How can a college student play a part in revolutionizing space technology? Business major Cody Rosa leveraged his futuristic internship with SpaceX into a full-time role at the rocket and spacecraft company’s headquarters, where it’s commercializing space travel for everyday people.
“I’m getting exposure to one of the most dynamic companies in the world,” he says. “And getting to be part of a truly inspirational mission.”
Real from the start
Cody’s Marymount education linked him to real-world business from the start. During his first internship, his independent thinking showed a newspaper company how to save $10,000 through recycling. He trailed where unread newspapers disappear: the trashcan.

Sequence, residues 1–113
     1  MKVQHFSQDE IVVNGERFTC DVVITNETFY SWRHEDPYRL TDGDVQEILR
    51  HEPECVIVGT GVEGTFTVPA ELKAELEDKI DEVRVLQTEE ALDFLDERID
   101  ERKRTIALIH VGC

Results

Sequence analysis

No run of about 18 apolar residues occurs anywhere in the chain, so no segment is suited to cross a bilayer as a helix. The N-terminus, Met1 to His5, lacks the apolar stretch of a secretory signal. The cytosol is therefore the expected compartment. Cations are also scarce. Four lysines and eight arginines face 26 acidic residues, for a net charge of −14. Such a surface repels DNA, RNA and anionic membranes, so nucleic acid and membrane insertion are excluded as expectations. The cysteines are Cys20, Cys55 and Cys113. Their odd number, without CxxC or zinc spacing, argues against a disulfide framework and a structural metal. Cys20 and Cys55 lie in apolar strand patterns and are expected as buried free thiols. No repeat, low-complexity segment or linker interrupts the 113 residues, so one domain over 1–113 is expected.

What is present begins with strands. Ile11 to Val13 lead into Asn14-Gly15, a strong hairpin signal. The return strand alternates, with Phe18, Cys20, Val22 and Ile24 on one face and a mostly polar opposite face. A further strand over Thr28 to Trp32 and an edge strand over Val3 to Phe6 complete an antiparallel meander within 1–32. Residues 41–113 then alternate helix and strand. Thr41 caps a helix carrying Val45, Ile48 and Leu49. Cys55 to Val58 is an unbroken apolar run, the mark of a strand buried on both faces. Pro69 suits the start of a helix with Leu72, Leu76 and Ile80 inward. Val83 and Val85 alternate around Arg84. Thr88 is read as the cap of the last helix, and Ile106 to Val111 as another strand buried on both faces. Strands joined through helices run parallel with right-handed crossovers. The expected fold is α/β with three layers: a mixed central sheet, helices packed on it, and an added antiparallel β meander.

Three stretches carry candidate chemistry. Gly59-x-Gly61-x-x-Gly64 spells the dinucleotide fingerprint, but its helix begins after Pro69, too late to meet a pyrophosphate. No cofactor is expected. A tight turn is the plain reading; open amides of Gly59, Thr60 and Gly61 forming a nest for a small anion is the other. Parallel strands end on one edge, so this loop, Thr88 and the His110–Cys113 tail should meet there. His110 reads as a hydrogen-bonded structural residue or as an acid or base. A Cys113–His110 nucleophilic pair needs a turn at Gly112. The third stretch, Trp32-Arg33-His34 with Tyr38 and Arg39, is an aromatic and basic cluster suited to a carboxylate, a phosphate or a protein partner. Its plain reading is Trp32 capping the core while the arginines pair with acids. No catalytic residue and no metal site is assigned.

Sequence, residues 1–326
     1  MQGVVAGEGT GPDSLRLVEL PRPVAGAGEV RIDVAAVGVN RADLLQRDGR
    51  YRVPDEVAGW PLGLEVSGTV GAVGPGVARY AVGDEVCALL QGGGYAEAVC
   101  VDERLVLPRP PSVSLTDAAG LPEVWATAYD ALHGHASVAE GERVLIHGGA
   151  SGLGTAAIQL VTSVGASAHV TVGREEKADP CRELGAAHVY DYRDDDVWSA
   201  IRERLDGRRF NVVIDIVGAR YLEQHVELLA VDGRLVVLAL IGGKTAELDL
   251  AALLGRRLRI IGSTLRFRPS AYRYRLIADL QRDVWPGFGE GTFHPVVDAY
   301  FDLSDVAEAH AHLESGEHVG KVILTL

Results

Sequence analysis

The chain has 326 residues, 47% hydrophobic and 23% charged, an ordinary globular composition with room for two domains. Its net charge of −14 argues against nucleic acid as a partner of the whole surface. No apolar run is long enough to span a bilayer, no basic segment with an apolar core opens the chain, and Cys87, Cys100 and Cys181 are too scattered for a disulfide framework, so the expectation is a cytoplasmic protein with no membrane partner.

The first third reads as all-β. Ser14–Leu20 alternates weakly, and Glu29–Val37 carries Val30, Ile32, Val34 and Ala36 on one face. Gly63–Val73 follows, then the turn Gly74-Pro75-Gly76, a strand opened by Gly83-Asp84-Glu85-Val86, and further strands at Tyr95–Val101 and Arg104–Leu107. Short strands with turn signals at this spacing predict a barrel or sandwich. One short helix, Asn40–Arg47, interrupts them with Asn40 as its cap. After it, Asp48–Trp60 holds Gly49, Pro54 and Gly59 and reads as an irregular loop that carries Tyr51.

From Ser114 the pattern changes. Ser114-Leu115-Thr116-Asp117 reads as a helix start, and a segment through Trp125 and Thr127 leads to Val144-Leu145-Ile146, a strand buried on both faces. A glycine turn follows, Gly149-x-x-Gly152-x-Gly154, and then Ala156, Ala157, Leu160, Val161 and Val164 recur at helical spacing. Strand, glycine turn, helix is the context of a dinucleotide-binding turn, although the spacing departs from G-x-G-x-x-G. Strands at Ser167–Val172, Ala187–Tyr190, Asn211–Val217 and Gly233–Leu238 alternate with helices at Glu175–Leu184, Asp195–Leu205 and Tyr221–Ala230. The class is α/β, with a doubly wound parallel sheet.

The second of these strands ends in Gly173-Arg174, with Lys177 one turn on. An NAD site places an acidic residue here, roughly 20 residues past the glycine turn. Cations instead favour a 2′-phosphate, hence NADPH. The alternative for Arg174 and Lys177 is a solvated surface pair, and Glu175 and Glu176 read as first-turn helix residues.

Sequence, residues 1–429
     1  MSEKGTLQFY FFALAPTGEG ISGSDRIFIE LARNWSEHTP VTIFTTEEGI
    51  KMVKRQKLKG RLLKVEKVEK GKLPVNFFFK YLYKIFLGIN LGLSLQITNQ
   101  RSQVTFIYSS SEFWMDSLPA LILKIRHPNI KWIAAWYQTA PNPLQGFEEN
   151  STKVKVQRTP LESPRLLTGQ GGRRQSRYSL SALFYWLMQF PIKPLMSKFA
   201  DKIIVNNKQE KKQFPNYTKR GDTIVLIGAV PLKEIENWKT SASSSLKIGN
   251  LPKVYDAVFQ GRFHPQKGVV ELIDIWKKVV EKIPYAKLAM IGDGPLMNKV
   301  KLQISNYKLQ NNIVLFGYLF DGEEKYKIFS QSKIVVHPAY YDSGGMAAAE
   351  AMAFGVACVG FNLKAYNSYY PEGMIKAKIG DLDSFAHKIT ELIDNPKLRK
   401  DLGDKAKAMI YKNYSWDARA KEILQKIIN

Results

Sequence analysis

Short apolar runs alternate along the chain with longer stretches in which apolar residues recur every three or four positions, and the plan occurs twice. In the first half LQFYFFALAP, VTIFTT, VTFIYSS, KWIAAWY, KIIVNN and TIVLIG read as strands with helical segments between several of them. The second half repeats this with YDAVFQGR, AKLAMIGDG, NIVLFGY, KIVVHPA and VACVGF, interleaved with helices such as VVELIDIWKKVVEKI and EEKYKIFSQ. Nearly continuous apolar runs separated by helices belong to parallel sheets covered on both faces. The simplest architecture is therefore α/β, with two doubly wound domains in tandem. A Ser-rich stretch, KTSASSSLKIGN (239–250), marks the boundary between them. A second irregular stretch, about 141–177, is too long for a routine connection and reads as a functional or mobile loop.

Then he pitched to several local newspapers how they could fix a big net loss for their companies while cleaning up the environment. His solution: turn unread newspapers into pulp used in shipping crates.
That led to an invitation-only sustainability/engineering summit in Germany, where he was the only business major. He directed seminars on business planning and networked with German experts on reusable energy.
After learning the ins and outs of trading as an intern at a financial services firm, he landed his five-month internship at SpaceX, where he worked on a variety of strategic projects to maximize efficiencies in its supply chain.
I’m getting exposure to one of the most dynamic companies in the world. And getting to be part of a truly inspirational mission.
Start-up of his own
He also hatched a start-up idea during a freshman business class, and he’s been refining his business plan ever since. When his still-secret-but-already-trademarked company launches someday, will it do for food and drink what SpaceX is doing for space travel?